United Internet Still Believes in Rocket Despite Writedown

  • Impairment charge drove United’s quartely results into a loss
  • Shares advance after first-quarter sales exceed estimates

United Internet AG, the third-biggest shareholder in Rocket Internet SE, said it still believes in the German startup factory even after a writedown of its investment pulled quarterly results into a loss.

The non-cash impairment charge had a 156.7 million-euro ($176.8 million) impact on first-quarter earnings before taxes, United Internet said Tuesday in a statement. That lowered earnings per share by 77 euro cents, to an overall loss of 27 euro cents a share.

The impairment doesn’t affect United Internet’s dividend policy or its guidance for the year, the company said. United Internet holds 8.3 percent in Rocket, a stake valued at about 278 million euros, according to Bloomberg data.

“The development of Rocket companies is advancing and many things already work well, but it naturally takes time,” United Internet Chief Executive Officer Ralph Dommermuth said in a phone interview. “While the share price could be more positive, I’m convinced that investments in Internet companies like Rocket will pay off in the medium and long-term.”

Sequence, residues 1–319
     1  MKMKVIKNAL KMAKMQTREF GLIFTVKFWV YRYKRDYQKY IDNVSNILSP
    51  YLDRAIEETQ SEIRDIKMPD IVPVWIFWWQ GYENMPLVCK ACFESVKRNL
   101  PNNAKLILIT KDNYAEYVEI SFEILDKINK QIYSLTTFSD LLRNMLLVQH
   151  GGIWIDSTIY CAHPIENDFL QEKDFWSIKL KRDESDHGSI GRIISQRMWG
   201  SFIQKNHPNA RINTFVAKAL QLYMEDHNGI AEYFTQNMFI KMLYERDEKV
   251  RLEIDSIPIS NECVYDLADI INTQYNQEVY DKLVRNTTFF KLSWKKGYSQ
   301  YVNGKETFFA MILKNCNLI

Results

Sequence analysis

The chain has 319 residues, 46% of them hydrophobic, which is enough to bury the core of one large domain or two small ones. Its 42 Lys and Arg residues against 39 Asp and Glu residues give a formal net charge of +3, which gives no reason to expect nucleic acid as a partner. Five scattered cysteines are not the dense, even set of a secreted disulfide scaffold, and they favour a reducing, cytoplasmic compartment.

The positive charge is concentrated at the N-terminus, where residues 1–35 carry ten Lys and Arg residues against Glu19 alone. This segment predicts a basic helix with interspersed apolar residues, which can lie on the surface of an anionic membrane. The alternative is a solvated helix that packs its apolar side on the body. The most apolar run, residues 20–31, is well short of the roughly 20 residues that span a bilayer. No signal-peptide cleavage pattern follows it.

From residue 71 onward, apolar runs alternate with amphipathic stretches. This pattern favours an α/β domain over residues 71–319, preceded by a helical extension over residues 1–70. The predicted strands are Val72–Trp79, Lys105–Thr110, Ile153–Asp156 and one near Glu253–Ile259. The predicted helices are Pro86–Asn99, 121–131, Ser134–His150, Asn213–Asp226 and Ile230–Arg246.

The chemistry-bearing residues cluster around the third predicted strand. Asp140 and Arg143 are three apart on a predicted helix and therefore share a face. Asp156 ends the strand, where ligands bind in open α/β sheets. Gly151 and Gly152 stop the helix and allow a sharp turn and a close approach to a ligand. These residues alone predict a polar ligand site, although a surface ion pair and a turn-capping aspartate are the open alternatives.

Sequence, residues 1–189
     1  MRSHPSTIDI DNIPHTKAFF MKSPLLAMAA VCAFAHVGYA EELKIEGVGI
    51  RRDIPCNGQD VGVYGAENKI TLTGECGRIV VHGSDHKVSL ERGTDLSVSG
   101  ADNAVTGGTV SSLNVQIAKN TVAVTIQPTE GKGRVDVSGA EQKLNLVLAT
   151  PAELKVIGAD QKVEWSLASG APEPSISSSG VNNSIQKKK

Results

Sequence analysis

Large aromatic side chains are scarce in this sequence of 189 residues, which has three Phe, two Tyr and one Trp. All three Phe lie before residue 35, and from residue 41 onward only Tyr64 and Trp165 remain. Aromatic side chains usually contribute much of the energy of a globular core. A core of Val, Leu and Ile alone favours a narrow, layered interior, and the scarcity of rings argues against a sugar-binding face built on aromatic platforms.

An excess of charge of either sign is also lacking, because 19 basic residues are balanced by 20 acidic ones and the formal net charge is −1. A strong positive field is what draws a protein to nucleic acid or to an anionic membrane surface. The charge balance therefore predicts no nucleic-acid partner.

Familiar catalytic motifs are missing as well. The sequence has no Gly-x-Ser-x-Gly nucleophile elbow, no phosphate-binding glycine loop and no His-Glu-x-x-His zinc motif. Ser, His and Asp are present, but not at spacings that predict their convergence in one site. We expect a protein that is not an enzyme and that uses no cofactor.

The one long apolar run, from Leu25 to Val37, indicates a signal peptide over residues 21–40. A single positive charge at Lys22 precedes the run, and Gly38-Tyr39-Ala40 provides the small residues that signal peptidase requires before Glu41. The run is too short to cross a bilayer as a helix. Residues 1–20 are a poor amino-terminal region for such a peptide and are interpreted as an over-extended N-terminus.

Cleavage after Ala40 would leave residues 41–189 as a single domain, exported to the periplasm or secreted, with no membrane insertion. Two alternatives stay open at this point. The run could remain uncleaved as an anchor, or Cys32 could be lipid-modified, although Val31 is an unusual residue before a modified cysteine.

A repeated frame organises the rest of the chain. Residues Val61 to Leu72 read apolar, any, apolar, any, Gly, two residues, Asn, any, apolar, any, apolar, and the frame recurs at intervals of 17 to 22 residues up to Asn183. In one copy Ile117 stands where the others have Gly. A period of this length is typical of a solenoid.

Drag on Stock

United Internet’s Rocket Internet stake is down 28 percent this year.

Shares of United Internet rose as much as 4.1 percent as the company reported first-quarter sales and profit from its operating results that beat estimates, after signing up 270,000 new customers.

The second quarter started "very well” when it comes to user gains and the company may potentially raise its customer development guidance if the trend continues in the coming months, Dommermuth said. The company, which competes with Deutsche Telekom AG and Vodafone Group Plc selling telephone and Internet access and services, is open to buying international web-hosting companies and possibly more city-owned telecommunications networks, he said.

United Internet’s results would have been better without the Rocket investment. Rocket shares have declined about 28 percent this year as the company faces pressure to prove its investments will pay off. The company, which helps guide a stable of startups such as HelloFresh, Westwing and Delivery Hero, showed little progress reducing losses at several of them last year.

Many of its companies were still in the growth phase and needed investments in 2015, CEO Oliver Samwer said earlier this year, vowing to show "significant" improvements in profitability this year and next.

Investment AB Kinnevik, the second-biggest shareholder in Rocket, will evaluate its stake once the holdings will mature in two to three years, CEO Lorenzo Grabau told Dagens Nyheter. The Samwers still are the biggest shareholder in Rocket.

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